The narrative is packed with fascinating and affectionate insights into Fijian society, including reflections on everything from Fijian patois through to the island’s prison system and the after effects of British colonial rule. Thomson’s recollection of establishing a polling station on Naqelelevu in 1976 in his capacity as district officer the day only one of the six eligible villagers turned out to vote is particularly memorable:

‘With absolutely no sense of the ridiculous the polling station was declared open. The voter went through the identification process and then turned to the little audience of seated villagers, ballot paper in one hand [...]. Grinning self-consciously, he stood there long enough for the audience to take their mental snapshots of his moment of importance, and then another official guided him to the white wooden polling booth we had shipped with us.

‘The booth had been set up some distance from the table, giving the event an added sense of space and time. The official politely advised the protagonist to take his time with his vote. Inside the booth he did just that, while the rest of us on Naqelelevu that day looked on solemnly. Finally the booth started wobbling as he went through the motions of pacing his mark on the ballot paper. He emerged. Everyone pointed to the ballot box, and he went over to it and dropped the paper into its slot. He then stood for a while in front of the box like someone whose [sic] just won a TV gameshow, with a sheepish grin and not knowing quite where to put his hands.

[...]

‘With [the] lonely ballot paper… inadvertently eliminating the principle of the secret ballot, we packed up our gear, and bade farewell, sailing off to the south and leaving the islanders to their thoughts on the wonderful machinery of democracy.’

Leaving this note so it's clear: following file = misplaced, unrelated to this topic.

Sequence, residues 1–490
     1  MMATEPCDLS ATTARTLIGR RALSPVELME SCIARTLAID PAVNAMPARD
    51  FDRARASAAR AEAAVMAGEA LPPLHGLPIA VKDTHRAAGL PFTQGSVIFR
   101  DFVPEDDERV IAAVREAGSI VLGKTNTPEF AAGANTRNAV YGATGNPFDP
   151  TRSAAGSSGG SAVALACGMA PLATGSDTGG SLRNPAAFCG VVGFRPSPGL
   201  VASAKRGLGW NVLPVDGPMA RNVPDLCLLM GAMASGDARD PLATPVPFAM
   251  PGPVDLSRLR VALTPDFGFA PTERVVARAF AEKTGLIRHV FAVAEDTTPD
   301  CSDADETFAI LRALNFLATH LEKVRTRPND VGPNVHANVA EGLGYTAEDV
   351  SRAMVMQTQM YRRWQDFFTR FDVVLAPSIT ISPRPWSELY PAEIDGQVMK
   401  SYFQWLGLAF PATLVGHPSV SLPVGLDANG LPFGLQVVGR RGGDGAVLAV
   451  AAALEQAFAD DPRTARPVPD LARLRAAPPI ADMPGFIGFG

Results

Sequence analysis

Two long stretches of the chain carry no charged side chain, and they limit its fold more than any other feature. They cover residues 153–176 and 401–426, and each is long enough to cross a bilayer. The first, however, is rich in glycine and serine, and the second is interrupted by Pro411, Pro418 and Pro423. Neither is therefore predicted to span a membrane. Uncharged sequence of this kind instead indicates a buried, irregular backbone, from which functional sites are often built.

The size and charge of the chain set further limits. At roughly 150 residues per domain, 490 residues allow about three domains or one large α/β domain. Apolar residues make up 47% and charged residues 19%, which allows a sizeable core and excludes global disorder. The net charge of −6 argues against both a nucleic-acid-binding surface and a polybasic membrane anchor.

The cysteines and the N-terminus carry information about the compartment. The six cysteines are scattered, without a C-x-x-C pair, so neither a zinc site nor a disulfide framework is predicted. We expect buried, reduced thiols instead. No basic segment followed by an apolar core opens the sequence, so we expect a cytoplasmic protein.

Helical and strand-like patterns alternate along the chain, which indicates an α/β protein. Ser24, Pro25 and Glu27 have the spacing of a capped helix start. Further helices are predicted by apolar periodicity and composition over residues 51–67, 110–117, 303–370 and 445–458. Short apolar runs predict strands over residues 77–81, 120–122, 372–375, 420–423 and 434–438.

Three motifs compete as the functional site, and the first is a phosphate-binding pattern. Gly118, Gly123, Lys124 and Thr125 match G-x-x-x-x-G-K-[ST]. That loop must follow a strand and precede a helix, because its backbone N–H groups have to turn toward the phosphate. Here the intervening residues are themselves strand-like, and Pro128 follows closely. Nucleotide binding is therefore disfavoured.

These rich recollections, along with Thomson’s exquisite accounts of his childhood on the islands, which read like extracts from a tropical Swallows and Amazons, more than make up for the jerky and episodic nature of the book, which sometimes feels more like a series scrapbook notes and jottings than a memoir. The addition of Thomson’s photographs into the 2008 edition heightens this impresion, giving the whole thing an immediate and personal quality. At points reading it feels as though you are sitting with Thomson under the giant rain trees outside his Waijevo residence, looking at his family album and waiting for the kava cup to come round.

Although writing in exile, after the second 1987 coup and four days of unlawful incarceration, during which he says ‘the umbilical cord to my homeland was cut’, Thomson’s love for Fiji clearly persists. As his two Afterwords suggest, his story of his island homeland is one from which he finds it hard to tear himself away. I did too.

Kava in the Blood by Peter Thomson (Booksurge, 2008)

PACIFIC APPEAL: do you know any good novels, short stories, memoirs, writers or even oral storytellers from other Pacific nations? Do you have friends or relatives in the region who might be able to suggest stories? Leave a comment or email ann’at’annmorgan.me and let me know.

Follow

Get every new post delivered to your Inbox.

Join 19,208 other followers